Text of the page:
Thursday, 4 June 2020

Online: UFO Culture and Why We See Flying Saucers

Tuesday 23 June 2020
7.30 pm BST (GMT+1) 
This event will be held ONLINE. Please register online at the following link: Book now
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Conway Hall is a charity who have lost almost all of their income. We politely ask for a donation when registering for this event.



More than seventy years since Kenneth Arnold saw erratic objects “like a saucer if you skip it across the water”, UFOs have been making headlines once again. On December 17, 2017, the New York Times ran a front-page story about an approximately five-year Pentagon program called the Advanced Aerospace Threat Identification Program. The article hinted, and its sources clearly said in subsequent television interviews, that some of the ships in question couldn’t be linked to any country. The implication, of course, was that they might be linked to other solar systems.


The UFO community—those who had been thinking about, seeing, and analysing supposed flying saucers (or triangles or chevrons) for years—was surprisingly skeptical of the revelation. Their incredulity and doubt rippled across the internet. Many of the people most invested in UFO reality weren’t really buying it. And as Sarah Scoles did her own digging, she ventured to dark, conspiracy-filled corners of the internet, to a former paranormal research center in Utah, and to the hallways of the Pentagon.

In They Are Already Here: UFO Culture and Why We See Saucers Scoles met the bigwigs, the scrappy upstarts, the field investigators, the rational and the unhinged of this sprawling community. How do they interact with each other? How do they interact with “anomalous phenomena”? And how do they (as any group must) reflect the politics and culture of the larger world around them?



Sarah Scoles is a science writer whose work has appeared in The Atlantic, Slate, Smithsonian, The Washington Post, Scientific American, Popular Science, Discover, New Scientist, Aeon, and Wired. A former editor at Astronomy magazine, Scoles worked at the National Radio Astronomy Observatory, the location of the first-ever SETI project. She lives in Denver, Colorado.

This talk will be held online using the Zoom application (available for PC, Mac, iOS and Android). A link to join the talk will be sent to ticketholders on the day of the event.

Tuesday 23 June 2020
7.30 pm BST (GMT+1) 
This event will be held ONLINE. Please register online at the following link: Book now
Join this event on Facebook
Conway Hall is a charity who have lost almost all of their income. We politely ask for a donation when registering for this event.

Wednesday, 3 June 2020

Monumental Memories – Indigenous Memory and Stonehenge

Saturday 20 June 2020
1 pm BST (GMT+1) 
This event will be held ONLINE. Please register online at the following link: Book now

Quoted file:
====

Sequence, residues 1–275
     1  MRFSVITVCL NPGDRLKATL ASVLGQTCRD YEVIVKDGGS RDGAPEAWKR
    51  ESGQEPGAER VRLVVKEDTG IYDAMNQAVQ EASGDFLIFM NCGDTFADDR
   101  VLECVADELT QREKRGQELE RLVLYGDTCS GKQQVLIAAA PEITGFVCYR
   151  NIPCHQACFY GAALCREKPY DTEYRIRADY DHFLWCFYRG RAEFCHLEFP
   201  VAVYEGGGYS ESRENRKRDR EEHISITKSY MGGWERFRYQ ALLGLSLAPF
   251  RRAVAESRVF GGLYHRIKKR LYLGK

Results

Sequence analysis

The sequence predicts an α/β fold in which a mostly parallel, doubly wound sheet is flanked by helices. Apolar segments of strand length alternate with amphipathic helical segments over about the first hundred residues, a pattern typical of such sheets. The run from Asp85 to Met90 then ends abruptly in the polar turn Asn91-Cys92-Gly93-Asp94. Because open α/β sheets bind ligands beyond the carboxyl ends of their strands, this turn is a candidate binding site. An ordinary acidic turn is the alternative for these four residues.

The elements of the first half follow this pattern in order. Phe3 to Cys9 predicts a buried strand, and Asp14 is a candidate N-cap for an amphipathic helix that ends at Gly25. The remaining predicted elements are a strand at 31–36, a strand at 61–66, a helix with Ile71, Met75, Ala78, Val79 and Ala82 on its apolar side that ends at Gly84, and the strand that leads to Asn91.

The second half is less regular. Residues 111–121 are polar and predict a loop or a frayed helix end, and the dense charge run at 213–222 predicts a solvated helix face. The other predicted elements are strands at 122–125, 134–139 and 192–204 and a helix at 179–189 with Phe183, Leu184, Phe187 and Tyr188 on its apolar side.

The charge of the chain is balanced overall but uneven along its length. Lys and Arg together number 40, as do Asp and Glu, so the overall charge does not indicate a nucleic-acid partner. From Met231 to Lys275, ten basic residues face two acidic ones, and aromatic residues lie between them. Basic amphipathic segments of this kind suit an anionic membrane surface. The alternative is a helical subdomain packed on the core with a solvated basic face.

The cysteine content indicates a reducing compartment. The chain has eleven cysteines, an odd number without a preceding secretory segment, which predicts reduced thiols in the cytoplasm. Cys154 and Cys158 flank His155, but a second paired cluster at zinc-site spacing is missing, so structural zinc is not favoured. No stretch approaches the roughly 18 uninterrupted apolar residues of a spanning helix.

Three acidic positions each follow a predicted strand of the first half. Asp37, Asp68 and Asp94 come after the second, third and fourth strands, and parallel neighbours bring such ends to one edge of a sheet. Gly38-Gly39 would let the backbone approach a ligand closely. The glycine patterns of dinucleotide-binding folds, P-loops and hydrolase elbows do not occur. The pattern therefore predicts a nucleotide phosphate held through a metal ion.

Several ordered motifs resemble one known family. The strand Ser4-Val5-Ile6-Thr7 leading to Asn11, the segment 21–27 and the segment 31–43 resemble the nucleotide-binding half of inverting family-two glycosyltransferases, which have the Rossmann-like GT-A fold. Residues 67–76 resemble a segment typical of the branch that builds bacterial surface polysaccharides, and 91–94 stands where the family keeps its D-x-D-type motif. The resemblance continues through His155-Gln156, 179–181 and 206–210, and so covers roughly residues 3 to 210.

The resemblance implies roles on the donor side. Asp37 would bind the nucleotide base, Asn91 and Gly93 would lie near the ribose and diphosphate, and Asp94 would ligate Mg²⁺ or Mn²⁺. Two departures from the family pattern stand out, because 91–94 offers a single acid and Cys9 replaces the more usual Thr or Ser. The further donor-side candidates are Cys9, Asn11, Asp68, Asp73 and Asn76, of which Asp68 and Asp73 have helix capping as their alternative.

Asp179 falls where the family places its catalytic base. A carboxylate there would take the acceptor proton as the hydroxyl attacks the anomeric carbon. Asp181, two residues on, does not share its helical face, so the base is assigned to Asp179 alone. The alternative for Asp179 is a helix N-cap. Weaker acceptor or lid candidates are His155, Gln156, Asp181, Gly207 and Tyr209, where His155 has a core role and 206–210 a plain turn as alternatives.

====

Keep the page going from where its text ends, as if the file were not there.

This event is in partnership with Conway Hall. Conway Hall is a charity and we politely ask you to add a donation when registering.

This talk will be held online using the Zoom application (available for PC, Mac, iOS and Android). A link to join the talk will be sent to ticket holders on the day of the event.





Without writing, indigenous elders memorised a vast amount of factual information on which survival depended both physically and culturally: knowledge of thousands of animals and plants, astronomical charts, vast navigation networks, genealogies, geography and geology… the list goes on and on. How did they remember so much? And why does this explain the purpose of ancient monuments including Stonehenge, Easter Island and the Nasca Lines? Can we use these memory methods in contemporary life?

After discovering that the true purpose of monuments like Easter Island and Stonehenge were to act as memory palaces, Dr Lynne Kelly takes this knowledge and introduces us to the best memory techniques humans have ever devised, from ancient times and the Middle Ages to methods used by today’s memory athletes. A memory champion herself, Kelly tests all these methods and demonstrate the extraordinary capacity of our brains at any age.

Dr Lynne Kelly, author of The Memory Code and Memory Craft, will explain the exact mechanisms used and why this explains the purpose of many enigmatic monuments around the world – and that we have a great deal to learn from the extraordinary mnemonic skills of indigenous cultures.




This talk will be held online using the Zoom application (available for PC, Mac, iOS and Android). A link to join the talk will be sent to ticket holders on the day of the event.

Saturday 20 June 2020
1 pm BST (GMT+1)
This event will be held ONLINE. Please register online at the following link: Book now

This event is in partnership with Conway Hall. Conway Hall is a charity and we politely ask you to add a donation when registering.